Bryan Caplan  

A License to Sing?

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I was confused last night while watching the Billie Holiday biopic Lady Sings the Blues. For a reason I couldn't grasp, Billie needed to win over public opinion in order to get a "cabaret card." But surely, I told my wife, you never needed a license to sing, right?

Wrong. Here's what I found out on Wikipedia:

New York City Cabaret Card

From Prohibition until 1960, New York City required "cabaret card" permits to be held by all workers in its nightclubs. Their administration was fraught with politics, and some performers' cards were revoked on specious grounds. Those of Thelonious Monk and Billie Holiday were suspended due to drug charges...

I guess if the public needs to be protected from bad haircuts, it stands to reason that it also needs to be protected from stoned singers.


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COMMENTS (4 to date)
Brad Hutchings writes:

I dunno Bryan. Your headline for this certainly seems to have a libertarian bias. It's in the form of a question as if to say, "How ridiculous does this sound!?!" Stoned singers are a serious menace, and your biased headline does nothing to solve the problem.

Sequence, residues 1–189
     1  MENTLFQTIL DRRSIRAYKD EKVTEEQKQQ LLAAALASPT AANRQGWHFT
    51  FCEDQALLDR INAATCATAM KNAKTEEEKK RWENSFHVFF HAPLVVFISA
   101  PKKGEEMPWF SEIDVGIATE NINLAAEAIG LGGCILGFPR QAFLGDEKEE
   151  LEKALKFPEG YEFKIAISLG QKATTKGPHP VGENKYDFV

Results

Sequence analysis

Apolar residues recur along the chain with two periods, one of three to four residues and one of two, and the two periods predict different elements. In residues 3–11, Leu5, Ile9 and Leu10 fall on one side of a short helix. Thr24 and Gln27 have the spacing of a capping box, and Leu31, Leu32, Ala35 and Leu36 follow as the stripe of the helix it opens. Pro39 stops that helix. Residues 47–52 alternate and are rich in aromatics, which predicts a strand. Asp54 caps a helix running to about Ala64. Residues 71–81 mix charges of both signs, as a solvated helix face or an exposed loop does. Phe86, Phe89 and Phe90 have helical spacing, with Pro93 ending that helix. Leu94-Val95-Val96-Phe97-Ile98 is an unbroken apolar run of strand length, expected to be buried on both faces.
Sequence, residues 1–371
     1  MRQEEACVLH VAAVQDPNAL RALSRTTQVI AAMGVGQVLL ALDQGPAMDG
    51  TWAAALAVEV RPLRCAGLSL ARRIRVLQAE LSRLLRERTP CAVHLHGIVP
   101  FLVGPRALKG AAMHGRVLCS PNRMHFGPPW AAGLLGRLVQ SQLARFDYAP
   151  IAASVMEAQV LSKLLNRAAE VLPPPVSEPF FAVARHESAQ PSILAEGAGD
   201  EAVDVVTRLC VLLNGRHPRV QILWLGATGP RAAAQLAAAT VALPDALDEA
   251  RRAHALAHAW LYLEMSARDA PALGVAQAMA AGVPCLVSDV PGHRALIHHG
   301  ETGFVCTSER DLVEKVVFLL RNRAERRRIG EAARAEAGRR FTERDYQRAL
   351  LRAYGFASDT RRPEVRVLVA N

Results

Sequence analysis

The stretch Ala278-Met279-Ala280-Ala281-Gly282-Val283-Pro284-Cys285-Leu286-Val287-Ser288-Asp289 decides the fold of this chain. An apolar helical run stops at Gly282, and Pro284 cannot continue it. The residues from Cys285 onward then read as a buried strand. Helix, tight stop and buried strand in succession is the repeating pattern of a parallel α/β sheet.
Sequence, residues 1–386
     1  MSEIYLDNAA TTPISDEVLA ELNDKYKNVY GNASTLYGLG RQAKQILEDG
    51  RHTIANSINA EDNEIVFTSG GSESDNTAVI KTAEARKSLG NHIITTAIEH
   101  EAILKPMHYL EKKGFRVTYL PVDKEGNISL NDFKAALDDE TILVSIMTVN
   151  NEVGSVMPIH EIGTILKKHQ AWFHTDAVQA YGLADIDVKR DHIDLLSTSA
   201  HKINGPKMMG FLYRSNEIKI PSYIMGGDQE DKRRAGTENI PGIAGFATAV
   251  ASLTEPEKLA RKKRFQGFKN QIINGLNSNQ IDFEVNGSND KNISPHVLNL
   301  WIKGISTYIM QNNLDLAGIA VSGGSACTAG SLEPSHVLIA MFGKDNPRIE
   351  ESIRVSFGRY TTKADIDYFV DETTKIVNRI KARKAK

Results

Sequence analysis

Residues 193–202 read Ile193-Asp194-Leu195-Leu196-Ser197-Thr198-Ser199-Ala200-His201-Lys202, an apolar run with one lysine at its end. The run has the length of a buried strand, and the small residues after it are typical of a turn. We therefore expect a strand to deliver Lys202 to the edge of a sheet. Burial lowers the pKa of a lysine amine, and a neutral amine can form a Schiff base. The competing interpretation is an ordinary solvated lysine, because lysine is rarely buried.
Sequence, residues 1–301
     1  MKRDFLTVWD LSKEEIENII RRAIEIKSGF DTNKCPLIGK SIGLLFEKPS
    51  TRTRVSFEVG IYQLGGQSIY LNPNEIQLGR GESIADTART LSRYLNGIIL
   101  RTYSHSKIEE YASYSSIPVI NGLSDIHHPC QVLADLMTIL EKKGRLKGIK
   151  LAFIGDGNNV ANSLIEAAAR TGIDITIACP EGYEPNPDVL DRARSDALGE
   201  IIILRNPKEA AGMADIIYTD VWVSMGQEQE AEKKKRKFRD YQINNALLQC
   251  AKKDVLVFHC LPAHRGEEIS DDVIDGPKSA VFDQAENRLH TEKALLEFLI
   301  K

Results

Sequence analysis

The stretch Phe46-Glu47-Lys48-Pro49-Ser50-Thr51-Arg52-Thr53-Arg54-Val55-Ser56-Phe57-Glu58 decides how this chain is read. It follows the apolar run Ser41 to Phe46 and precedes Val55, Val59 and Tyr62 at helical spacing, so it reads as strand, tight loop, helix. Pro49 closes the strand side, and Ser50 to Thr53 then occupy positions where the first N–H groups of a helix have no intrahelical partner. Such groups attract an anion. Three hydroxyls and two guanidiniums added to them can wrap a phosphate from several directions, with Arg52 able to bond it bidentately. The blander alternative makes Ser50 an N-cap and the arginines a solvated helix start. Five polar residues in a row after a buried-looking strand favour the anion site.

More likely, it was non-union singers and musicians that were the targets.

T.R. Elliott writes:

Nice example of pointless micromanagement and govt interference in private matters.

See, I can be agreeable if I try real hard.

Robert Schwartz writes:

I believe that barbers have the right to perform certain minor surgical procedures, and certainly use chemicals on their customers bodies.

I assume the cabaret license was a part of the Copperhead Democrats' ongoing war against blacks in the United States.

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